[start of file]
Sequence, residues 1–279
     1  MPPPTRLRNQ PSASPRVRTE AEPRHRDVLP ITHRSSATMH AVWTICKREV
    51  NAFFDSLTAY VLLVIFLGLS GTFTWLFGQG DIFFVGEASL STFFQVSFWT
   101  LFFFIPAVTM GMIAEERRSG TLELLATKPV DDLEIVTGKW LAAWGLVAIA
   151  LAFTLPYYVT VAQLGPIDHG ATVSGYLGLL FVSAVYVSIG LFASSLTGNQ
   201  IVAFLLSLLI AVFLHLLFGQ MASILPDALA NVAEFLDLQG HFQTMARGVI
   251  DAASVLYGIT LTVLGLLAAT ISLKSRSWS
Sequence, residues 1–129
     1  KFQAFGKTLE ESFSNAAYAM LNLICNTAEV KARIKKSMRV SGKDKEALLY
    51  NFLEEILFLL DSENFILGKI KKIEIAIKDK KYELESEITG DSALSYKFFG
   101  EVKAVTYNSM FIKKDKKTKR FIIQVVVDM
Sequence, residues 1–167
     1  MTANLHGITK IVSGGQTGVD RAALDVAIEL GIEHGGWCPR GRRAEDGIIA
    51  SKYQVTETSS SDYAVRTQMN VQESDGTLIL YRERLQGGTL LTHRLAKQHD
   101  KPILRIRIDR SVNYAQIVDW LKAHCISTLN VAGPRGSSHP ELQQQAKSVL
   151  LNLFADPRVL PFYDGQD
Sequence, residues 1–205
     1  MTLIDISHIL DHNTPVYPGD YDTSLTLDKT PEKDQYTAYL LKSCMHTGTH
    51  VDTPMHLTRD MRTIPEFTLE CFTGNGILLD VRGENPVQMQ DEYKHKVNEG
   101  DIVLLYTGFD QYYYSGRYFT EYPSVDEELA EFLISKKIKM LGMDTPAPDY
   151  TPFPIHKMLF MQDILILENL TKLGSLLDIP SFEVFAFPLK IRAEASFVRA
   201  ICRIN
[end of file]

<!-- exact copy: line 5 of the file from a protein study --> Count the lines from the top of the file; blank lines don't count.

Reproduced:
   151  LAFTLPYYVT VAQLGPIDHG ATVSGYLGLL FVSAVYVSIG LFASSLTGNQ